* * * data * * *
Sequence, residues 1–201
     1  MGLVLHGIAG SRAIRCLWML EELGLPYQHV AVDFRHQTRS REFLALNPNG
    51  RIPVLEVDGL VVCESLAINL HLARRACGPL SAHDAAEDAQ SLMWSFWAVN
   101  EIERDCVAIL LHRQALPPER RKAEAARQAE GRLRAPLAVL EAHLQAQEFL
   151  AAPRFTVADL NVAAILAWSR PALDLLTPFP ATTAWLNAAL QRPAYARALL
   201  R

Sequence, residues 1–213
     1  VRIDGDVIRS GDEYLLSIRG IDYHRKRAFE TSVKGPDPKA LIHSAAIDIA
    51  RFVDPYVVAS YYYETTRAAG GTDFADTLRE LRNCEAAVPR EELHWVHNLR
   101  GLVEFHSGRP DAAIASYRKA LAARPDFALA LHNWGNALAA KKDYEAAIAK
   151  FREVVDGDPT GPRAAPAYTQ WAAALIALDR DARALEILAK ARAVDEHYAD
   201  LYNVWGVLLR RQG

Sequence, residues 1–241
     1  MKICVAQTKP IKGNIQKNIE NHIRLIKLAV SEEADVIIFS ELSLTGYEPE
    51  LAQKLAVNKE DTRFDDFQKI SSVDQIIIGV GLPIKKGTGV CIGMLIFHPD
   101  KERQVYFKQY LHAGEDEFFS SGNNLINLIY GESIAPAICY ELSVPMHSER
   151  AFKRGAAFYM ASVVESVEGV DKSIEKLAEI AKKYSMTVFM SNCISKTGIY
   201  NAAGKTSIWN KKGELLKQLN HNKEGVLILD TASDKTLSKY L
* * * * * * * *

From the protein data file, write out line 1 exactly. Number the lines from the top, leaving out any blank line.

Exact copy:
Sequence, residues 1–201